Firstly, thank you again to all of the people who replied in the first entry, you guys helped to expand my view of this project. Especially big thanks to MacB who is an unexpected gift from above, he is helping me design my new kitchen. And when I say help I mean that he is designing something for me out of the kindness of his heart and all I have to do for now is to stay out of the way.. That is so unreal and unexpected, the community here in LJ is absolutely amazing.
Now while the design is on the way, I have some time to think about the next step, which for me is the countertop. Today after work I will be bringing home a 2” slab of Iroko(also called Afrcan Teak; Poor man’s Teak; Iroko Mahogany) rough dimensions are 32” by 13 feet, but I will probably use about 9 feet for the countertop.
So I have read about it and as I understand it is very durable, the oil content is quite high, so the top doesn’t need a lot of treatment. But I still need to plane it and sand it and for that I read that due to it’s toughness you need quality sharp tools and patience. I am tinkerign with the idea of using a hand plane and sand paper instead of powertools, because handplaning gives me more control than anything else and as far as I saw in the lumberyard, the material was not terribly warped.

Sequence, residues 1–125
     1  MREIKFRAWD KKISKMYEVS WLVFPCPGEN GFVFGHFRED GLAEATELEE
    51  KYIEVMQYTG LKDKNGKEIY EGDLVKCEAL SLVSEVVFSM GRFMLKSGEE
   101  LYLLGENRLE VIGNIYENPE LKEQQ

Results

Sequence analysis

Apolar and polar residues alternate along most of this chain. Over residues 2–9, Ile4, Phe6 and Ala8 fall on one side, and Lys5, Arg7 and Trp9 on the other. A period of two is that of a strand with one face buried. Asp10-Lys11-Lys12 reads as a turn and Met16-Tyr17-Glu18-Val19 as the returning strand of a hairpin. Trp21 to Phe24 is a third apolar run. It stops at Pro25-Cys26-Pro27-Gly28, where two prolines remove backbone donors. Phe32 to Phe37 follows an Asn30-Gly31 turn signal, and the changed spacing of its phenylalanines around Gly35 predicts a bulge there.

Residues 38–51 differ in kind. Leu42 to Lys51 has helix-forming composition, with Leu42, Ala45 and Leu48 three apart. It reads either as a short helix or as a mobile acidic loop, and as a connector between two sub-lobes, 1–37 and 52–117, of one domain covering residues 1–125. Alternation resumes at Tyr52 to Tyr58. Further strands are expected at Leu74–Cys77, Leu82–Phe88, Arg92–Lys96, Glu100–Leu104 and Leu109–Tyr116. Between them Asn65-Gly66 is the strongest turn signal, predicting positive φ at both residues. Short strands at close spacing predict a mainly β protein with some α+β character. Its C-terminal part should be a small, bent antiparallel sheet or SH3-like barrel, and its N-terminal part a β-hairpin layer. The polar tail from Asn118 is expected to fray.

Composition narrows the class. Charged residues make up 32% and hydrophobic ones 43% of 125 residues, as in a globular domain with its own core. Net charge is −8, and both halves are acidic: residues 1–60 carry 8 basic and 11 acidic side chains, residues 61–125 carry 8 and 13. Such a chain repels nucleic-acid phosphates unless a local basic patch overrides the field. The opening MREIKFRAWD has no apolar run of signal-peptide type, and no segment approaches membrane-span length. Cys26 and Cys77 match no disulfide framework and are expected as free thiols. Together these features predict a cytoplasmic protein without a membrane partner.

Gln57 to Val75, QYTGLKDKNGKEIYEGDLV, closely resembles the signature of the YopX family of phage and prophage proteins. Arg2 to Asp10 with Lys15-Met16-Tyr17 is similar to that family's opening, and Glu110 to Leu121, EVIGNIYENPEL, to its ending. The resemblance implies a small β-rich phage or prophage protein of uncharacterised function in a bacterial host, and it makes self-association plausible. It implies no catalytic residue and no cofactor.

So I am trying to achieve a silk smooth feel on the top, maybe some gloss or even high gloss, not sure about that yet. Anyone here worked with Iroko and got any good tips for me? How far should I sand it up to, 1500 sounds enough? Should I oil between some sanding to make sure no grains come up after I apply my finish coat of lineseed oil and beeswax?
Also, the slab features awesome sapwood on both sides of the board (see pics below), I feel that the white lines would make great contrast in the top. How is sapwood for these kind of applications, is it durable enough to leave on the outside edge, should I butt it against the backdrop, or should I leave it out altogether?
Is there any other tips about making counter tops from such large slabs? Should I make any vertical or horizontal cuts in the bottom side to eliminate the threat of warping, or should I be fine without them?
-- Measure twice, cut once, cut again for good measure.